Prader-Willi Syndrome Resources

What is Prader-Willi Syndrome?

Prader-Willi syndrome is a complex genetic condition. Various studies have shown that between 1 in 15,000 to 25,000 children are born with Prader-Willi syndrome and it affects all races and both sexes equally. Prader-Willi syndrome is rare and most people, including many physicians and caregivers as well as new parents and family members, are not familiar with this syndrome.

Cause

PWS occurs when there is lack of expression of one or more genes in a specific region on the chromosome 15 that was inherited from the father, the precise location of the abnormality being designated as 15(q11-q13).

Features

People with Prader-Willi syndrome have an abnormality in the part of their brain (the hypothalamus) that helps determine changes in feelings of hunger before and after eating. They have this continuous urge to eat that is very different from the period of poor eating in the early years. PWS is also associated with difficulties in learning, behavioural impairments (such as manipulative and obsessive-compulsive behaviours) and other social impairments (such as difficulties interpreting and using social cues).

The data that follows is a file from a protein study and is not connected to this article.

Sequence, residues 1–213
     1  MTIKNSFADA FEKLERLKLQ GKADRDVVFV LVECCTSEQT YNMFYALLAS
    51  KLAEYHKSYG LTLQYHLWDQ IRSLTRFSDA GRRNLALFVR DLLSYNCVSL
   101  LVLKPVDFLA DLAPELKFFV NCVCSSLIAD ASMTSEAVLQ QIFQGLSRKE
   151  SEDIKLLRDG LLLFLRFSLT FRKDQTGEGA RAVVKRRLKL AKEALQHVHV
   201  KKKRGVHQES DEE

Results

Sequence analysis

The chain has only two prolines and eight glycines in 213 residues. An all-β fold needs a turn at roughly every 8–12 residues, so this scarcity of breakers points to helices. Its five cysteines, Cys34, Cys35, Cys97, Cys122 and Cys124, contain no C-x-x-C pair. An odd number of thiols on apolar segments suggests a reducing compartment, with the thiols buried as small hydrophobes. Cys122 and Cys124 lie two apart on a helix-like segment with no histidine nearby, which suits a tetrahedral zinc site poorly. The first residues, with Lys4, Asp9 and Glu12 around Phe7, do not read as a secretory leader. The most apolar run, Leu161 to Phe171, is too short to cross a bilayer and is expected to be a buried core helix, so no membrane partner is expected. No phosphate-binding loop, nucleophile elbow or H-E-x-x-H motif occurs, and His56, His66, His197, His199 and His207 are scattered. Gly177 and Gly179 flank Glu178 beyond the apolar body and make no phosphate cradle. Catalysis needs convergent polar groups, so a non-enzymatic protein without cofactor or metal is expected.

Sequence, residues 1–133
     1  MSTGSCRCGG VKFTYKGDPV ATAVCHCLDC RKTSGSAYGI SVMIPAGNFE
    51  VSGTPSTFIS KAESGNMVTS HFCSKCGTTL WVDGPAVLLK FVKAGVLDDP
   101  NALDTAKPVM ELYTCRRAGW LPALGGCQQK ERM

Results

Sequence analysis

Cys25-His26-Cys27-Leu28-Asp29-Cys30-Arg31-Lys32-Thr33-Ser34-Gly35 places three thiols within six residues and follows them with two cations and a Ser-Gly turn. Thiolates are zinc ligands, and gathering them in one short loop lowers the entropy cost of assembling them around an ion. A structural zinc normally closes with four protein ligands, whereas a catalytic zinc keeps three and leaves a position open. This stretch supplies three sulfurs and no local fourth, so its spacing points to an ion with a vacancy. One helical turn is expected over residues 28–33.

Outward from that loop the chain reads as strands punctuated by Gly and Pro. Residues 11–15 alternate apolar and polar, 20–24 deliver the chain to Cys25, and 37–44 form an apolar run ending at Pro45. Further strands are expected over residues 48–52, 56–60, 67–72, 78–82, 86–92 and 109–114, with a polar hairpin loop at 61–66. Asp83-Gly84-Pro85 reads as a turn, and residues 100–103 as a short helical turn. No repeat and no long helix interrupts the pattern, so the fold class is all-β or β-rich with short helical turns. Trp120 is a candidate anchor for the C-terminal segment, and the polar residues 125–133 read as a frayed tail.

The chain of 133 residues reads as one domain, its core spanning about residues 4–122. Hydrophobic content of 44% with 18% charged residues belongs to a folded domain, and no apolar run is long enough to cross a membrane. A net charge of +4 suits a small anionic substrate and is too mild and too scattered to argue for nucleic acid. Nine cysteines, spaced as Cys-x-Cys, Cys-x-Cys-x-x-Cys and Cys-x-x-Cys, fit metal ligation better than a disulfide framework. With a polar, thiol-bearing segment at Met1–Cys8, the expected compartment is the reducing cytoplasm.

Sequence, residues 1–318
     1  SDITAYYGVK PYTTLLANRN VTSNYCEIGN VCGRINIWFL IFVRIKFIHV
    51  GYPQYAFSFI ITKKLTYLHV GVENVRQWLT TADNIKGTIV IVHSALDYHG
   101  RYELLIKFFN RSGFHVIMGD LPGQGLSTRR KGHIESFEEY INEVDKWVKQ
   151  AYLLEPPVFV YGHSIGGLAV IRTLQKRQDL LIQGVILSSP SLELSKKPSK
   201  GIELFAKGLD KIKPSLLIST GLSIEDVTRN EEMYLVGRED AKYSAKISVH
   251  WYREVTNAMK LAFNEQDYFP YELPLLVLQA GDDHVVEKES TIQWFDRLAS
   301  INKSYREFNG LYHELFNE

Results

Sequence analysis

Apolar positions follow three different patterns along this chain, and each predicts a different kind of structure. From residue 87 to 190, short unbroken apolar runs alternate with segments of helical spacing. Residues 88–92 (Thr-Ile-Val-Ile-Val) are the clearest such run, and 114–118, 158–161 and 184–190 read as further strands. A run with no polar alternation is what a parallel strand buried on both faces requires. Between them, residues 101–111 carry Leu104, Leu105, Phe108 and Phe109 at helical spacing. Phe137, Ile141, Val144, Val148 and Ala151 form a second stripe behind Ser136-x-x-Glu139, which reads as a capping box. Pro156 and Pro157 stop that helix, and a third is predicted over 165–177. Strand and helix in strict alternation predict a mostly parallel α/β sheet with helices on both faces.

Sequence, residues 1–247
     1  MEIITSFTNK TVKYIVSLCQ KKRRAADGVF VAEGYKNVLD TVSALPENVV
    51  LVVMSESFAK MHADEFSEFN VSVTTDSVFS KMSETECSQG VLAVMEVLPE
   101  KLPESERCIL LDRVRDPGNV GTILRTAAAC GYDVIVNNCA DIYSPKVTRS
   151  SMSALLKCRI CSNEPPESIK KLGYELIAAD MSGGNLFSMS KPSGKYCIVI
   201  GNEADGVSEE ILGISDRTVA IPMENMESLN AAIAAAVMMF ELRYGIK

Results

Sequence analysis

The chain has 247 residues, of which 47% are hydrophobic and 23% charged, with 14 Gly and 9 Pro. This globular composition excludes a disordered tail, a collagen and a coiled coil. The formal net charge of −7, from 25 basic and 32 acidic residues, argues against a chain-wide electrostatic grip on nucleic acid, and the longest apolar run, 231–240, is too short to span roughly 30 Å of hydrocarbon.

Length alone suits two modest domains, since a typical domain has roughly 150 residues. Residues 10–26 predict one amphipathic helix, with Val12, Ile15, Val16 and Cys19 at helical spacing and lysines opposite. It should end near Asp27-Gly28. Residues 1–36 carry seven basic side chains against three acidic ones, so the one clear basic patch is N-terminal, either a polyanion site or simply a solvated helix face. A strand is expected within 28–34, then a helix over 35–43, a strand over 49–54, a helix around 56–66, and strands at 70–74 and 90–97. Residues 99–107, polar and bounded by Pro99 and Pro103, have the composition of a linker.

Treatment and intervention

There is currently no cure for Prader-Willi syndrome and there is no known treatment to lessen the drive to eat, although much research is being conducted in this area.

However, the lives of people with Prader-Willi syndrome can be significantly improved through having a sound understanding of the syndrome and access to good informed care and support.

‚ÄčTreatment is primarily symptomatic and most importantly consists of:

  • Early diagnosis, provision of information and support with interventions.
  • Lifetime weight control through diet, environmental controls (limited access to food), and exercise.
  • Growth hormone replacement therapy when available.
  • Sex hormone replacement therapy when available
  • Support strategies that seek to minimise behaviour difficulties and which support activities and social engagement that helps maintain wellbeing

With appropriate support and information and the effective management of specific aspects of the syndrome, people with Prader-Willi syndrome can expect to live healthy and increasingly long lives.

PWS Newsletter 2021 

PWS Research Updates 2022